• SHARE

Yakuza movies were once as easy to understand as white-hat-versus-black-hat Hollywood Westerns. A gang that upholds the traditional jingi code of yakuza “chivalry” is being out-fought, out-knifed and outgunned by ruthless, greedy rival hoods. Then a stoic lone outlaw, typically played by Ken Takakura, arrives to save the day with a swift Japanese sword.

In 1973, director Kinji Fukasaku exposed the fiction of gangster virtue in “Jingi Naki Tatakai (Battles Without Honor and Humanity),” the first of a five-part series based on a real postwar gang power struggle in Kure and Hiroshima and full of scheming, double-crossing and violent falls from grace. The characters break every commandment but the first one of gang life: Do unto others before others do unto you.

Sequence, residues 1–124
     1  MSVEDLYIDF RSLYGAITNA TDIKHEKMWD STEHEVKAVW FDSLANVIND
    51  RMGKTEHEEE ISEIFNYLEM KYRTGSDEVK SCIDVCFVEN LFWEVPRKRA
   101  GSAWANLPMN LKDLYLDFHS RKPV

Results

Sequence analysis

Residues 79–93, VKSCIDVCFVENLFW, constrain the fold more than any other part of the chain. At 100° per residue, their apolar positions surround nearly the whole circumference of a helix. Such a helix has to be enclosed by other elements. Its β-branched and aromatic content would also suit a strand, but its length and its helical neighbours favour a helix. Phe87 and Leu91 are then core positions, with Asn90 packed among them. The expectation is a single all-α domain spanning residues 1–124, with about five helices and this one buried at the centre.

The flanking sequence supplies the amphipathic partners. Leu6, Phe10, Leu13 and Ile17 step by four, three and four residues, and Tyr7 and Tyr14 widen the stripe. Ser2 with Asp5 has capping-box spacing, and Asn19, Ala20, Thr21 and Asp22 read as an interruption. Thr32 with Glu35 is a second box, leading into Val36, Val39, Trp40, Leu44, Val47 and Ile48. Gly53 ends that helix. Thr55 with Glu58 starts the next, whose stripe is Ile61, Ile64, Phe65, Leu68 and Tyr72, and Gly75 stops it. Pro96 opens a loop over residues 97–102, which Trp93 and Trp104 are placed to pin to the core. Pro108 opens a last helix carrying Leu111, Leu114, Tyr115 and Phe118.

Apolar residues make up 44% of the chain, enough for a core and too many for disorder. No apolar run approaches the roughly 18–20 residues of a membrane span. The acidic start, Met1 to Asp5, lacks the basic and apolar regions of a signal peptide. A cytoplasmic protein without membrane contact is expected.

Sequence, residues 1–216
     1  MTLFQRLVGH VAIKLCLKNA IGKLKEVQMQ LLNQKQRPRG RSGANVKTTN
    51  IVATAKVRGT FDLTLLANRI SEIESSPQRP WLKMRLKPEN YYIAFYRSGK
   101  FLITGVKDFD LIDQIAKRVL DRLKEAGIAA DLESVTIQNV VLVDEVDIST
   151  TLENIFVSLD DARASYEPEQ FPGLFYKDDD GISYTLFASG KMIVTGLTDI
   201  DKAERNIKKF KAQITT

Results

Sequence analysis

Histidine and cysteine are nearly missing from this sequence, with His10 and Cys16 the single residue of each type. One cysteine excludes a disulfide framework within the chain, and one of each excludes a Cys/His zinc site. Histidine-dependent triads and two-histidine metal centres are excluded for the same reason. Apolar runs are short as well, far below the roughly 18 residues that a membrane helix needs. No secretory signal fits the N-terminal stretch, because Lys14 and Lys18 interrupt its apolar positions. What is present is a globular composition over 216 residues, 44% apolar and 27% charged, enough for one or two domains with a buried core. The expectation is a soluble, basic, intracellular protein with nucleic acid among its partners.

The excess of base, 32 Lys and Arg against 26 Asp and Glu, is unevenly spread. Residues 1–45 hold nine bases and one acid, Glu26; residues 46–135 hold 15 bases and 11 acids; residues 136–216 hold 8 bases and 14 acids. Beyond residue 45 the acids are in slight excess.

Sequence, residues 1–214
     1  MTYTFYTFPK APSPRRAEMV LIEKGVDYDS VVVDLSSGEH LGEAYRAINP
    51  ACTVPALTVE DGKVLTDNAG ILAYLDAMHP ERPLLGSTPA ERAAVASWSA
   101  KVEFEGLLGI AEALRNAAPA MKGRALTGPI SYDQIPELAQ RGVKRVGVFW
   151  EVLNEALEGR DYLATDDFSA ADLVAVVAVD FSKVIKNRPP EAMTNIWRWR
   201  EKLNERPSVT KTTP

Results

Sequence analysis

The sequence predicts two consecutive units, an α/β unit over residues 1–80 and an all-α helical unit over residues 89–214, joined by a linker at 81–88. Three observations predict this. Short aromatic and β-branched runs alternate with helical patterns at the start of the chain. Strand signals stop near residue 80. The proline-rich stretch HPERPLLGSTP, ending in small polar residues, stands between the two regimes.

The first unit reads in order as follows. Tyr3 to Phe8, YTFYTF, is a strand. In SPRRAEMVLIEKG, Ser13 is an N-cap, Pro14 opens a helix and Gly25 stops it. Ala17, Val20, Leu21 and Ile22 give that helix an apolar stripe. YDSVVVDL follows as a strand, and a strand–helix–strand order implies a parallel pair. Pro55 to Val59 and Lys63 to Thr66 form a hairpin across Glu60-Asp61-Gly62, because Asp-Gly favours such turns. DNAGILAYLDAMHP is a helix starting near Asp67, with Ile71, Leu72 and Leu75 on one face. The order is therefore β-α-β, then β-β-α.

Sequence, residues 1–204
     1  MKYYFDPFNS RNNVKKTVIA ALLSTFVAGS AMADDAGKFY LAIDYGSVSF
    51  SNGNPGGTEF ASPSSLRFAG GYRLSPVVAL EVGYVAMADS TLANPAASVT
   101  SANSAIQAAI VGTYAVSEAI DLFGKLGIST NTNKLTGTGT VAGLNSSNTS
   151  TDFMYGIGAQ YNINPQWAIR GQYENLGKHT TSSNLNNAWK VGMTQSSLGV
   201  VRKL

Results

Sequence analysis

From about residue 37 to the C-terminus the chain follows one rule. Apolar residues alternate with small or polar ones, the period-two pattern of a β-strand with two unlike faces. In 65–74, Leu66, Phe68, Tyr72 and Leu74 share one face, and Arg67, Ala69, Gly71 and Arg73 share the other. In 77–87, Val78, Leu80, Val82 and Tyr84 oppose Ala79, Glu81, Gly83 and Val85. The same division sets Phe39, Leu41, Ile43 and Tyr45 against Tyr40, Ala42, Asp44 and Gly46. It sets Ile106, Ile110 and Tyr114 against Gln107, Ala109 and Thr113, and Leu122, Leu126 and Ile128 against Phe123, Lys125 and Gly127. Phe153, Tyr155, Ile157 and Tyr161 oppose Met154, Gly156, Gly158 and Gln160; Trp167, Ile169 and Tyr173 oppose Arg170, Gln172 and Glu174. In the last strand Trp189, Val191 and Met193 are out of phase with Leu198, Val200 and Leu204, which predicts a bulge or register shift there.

In a time of both misinformation and too much information, quality journalism is more crucial than ever.
By subscribing, you can help us get the story right.

SUBSCRIBE NOW

PHOTO GALLERY (CLICK TO ENLARGE)